The economics of 7.5 billion people on one planet
This story can be told in many ways: A runaway consumer culture, globalization and the 10,000-mile supply chain, more affluence even in developing nations, environmental catastrophe from polluting the oceans. But don’t forget the latest estimate of the planet’s population: 7.5 billion. At the turn of the 19th century, it was only 1 billion. It took more than another century to add another billion. Since then, the billions have been piling on with astonishing speed. The world held “only” a little more than 6 billion in 2000.
Virtually every major problem, from climate change and wars to mass migrations and resource scarcity has its root in too many people. Economics are not immune. The lowered prospects of the politically potent white working class, for example, have much to do with millions overseas who can do the same jobs for a fraction of the cost. When you hear about theories of “secular stagnation” and the like, think 7.5 billion.
The enormous and growing costs of human-caused climate change are juiced by those 7.5 billion. Globalization has created large middle classes in nations such as China and India — and its members want the sprawly car-dependent “American lifestyle” and the rights to their share of the atmosphere to heat in order to get it. The greatest deprivation, and lost economic potential, happens in countries with the biggest population overshoot.
Don’t think America is immune, either. The Southwest is at population overshoot and directly in the path of climate change. Possibly the Southeast, too, beyond soon-to-be-submerged Florida. They’ll be moving here in the coming decades unless they go back to the Midwest and Northeast (so our mantra must be: “Seattle, it’s cold and rainy all the time”).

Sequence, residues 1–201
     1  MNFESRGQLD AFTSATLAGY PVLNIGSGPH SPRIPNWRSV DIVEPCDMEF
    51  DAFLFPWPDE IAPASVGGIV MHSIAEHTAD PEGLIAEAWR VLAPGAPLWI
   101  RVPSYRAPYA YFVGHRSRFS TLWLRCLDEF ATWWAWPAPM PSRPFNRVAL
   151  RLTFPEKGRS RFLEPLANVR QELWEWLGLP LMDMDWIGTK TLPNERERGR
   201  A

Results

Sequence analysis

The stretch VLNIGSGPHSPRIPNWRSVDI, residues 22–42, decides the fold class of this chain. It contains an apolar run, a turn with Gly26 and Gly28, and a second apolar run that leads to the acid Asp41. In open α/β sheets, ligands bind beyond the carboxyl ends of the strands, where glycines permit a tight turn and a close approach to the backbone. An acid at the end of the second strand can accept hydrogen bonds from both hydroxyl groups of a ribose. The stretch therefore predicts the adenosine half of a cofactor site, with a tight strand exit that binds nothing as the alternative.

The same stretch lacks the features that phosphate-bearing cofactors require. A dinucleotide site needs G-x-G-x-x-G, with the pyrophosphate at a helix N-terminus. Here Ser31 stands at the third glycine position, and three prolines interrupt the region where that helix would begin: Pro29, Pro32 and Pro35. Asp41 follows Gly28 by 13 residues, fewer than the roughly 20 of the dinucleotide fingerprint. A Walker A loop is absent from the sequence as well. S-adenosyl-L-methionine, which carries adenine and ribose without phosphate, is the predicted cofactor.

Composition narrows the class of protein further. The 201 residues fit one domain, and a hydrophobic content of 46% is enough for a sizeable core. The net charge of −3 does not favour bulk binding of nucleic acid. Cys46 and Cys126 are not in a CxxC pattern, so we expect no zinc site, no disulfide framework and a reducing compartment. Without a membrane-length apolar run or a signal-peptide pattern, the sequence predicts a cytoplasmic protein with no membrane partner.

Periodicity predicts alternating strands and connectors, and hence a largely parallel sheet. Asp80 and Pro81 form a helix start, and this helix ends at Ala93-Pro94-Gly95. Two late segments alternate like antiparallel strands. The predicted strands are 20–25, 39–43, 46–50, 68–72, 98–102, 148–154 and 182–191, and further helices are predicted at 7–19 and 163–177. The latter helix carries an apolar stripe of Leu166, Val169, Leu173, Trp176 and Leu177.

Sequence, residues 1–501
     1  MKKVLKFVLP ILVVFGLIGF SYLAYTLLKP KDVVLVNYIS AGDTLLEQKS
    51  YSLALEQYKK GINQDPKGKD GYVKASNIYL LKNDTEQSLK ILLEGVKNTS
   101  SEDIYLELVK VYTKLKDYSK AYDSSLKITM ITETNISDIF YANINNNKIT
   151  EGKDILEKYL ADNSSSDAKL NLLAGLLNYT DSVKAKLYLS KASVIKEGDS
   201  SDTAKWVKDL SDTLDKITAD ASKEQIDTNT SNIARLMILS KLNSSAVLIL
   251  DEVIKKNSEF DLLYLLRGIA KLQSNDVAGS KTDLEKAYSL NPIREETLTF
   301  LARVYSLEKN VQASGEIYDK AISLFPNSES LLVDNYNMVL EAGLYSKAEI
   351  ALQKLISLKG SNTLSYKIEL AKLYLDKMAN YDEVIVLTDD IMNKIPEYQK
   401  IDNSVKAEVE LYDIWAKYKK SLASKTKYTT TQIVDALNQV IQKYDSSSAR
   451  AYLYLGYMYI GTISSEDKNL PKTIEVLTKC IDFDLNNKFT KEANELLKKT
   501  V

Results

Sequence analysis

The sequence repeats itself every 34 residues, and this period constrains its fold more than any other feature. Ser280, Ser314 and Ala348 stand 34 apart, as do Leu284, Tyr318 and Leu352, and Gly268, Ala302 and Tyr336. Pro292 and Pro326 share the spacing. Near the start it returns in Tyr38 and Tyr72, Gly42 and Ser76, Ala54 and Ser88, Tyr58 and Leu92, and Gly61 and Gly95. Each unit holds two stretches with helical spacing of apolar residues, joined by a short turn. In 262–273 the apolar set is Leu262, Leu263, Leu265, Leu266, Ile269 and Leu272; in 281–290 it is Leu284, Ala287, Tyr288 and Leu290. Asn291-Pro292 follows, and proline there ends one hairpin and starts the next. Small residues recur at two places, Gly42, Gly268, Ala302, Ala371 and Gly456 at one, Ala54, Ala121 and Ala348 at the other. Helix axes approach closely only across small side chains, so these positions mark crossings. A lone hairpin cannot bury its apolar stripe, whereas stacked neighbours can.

The most constructive response is to have societies where women have control over their bodies, including having access to birth control and abortion. Yet we have reached this population crisis at the same moment as religious fundamentalism has revived and, in many places, muscled out or exterminated moderate opposition. Women are considered little more than baby-making chattel in many nations, the ones that most need lower populations. This, as much as advances in medicine and agriculture, is to blame for population overshoot.
President Trump revived the Reagan-era ban on foreign aid for organizations that offer counseling on family planning that includes abortion. A powerful faction in the Republican Party also opposes most forms of birth control. Trump and the GOP show a curious lack of care for the fetus once it is born and needs, say, health care. Interestingly, abortion rates have declined sharply in advanced nations. In the United States, it is at the lowest level since the procedure was legalized by the Supreme Court in 1973.
Conservatives such as William F. Buckley used to argue that every new life was an asset, not a cost. And people of good will can certainly disagree over abortion. But when the new lives are born into radicalized traditional societies, where is their opportunity? And whatever the argument over abortion, the United States and advanced nations should be doing more to make birth control available in the developing world and advance the rights of women (offending our powerful Saudi “allies”). Nations with a modicum of freedom for women prosper…and birth rates go down. Those same nations turn economics from a zero-sum game into wide prosperity and breakthroughs.
Henderson Island is another marker for the slow crisis enveloping our larger common island in the black outland of space, and we have no lifeboats.